YouTube, Facebook and Twitter squelch Trump's video on Capitol breach

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YouTube, Twitter and Facebook clamped down on one of President Donald Trump’s posts Wednesday after he called for rioters who stormed the U.S. Capitol to “go home” but repeated the baseless allegations of a rigged election that drew scores of his supporters to Washington.

In a 62-second video posted on YouTube, Twitter and Facebook Wednesday afternoon, Trump repeated his baseless claims that the presidential election had been “stolen.”

Within minutes, Twitter blocked users from replying to, liking or retweeting the post without added context, citing a “risk of violence.” But it did not remove the video or suspend his Twitter account, despite calls for that action by people and groups who said the president was using the social media platform to incite violence.

YouTube separately removed the video, according to a company spokesperson, who said the post violated its policies against content alleging widespread voter fraud during the 2020 elections. The spokesperson said YouTube would allow users to repost the video if it contained additional educational context.

Facebook initially handled the post by adding a label that directed users to authoritative sources of information on the election and read, “The US has laws, procedures, and establishment institutions to ensure the integrity of our elections.” But it later escalated its decision by removing the post entirely.

"This is an emergency situation and we are taking appropriate emergency measures, including removing President Trump’s video," tweeted Facebook integrity chief Guy Rosen. "We removed it because on balance we believe it contributes to rather than diminishes the risk of ongoing violence."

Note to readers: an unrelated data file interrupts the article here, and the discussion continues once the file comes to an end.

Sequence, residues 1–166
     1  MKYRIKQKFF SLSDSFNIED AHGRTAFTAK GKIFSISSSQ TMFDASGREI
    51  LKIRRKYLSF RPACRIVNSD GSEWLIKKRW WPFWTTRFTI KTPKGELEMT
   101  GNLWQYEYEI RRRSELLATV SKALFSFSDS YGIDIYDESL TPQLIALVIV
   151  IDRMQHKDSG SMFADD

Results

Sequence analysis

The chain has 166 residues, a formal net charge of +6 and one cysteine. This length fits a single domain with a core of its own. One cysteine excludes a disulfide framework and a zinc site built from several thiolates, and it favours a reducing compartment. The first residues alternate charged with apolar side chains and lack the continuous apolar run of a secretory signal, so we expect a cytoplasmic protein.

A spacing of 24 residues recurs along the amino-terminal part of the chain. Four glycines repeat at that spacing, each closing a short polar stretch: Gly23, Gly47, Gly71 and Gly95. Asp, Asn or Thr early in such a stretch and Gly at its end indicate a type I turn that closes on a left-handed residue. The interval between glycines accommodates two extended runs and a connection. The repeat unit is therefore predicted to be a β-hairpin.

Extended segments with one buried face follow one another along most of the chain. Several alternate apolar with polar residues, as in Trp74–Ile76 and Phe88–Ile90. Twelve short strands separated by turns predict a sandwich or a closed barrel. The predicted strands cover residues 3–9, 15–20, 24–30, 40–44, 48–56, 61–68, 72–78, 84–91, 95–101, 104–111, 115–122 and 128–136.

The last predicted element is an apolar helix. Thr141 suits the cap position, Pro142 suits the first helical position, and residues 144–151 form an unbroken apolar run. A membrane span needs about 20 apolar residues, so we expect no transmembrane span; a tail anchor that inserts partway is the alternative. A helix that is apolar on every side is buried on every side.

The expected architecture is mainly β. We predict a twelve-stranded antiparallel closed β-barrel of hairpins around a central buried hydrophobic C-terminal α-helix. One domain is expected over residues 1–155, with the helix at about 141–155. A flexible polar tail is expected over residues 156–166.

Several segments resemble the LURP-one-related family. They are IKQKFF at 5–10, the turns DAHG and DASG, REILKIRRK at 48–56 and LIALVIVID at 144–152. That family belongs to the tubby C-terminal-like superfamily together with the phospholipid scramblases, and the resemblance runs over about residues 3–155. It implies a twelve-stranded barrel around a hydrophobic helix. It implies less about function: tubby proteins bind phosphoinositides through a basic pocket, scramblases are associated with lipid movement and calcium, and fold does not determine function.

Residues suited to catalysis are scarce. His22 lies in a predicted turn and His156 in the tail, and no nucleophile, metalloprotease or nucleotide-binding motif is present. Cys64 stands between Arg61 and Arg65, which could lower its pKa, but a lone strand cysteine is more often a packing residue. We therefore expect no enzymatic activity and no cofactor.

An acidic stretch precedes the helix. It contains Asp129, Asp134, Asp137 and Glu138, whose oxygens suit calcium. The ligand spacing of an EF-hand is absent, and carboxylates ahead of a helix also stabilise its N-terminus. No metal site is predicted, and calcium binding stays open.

Trump used the video to continue claiming falsely that he, not President-elect Joe Biden, had won in November.

“It was a landslide election and everyone knows it, especially the other side, but you have to go home now. We have to have peace. We have to have law and order,” Trump said in the video, hours after a crowd of rioters breached the Capitol building and invaded the House and Senate chambers.

Twitter later restricted the spread of a tweet in which Trump appeared to justify the violence, writing: "These are the things and events that happen when a sacred landslide election victory is so unceremoniously & viciously stripped away from great patriots who have been badly & unfairly treated for so long."

He added: "Go home with love & in peace. Remember this day forever!"

Twitter’s public safety division tweeted that the social media company is “working proactively to protect the health of the public conversation occurring on the service and will take action on any content that violates” its rules. The social media platform also said it is “exploring other escalated enforcement actions,” without elaborating.

The companies have long faced criticism from Democratic leaders, civil rights groups and other advocates that they have failed to enforce their policies against the incitement of violence on their platforms when it comes to Trump and his allies.

The social media platforms faced fresh calls to suspend or remove Trump amid Wednesday’s unrest, which caused Capitol Hill to go into lockdown and for lawmakers to evacuate in gas masks as police dispersed tear gas against rioters.

Jonathan Greenblatt, CEO of the Anti-Defamation League, issued a statement Wednesday saying that “social media companies should suspend his accounts ASAP as they would do for anyone else advocating disinformation and promoting violence."

Rashad Robinson, president of advocacy group Color of Changed, tweeted Wednesday: “Enough is enough. It’s time for Facebook and Twitter to kick Trump off their platforms.”



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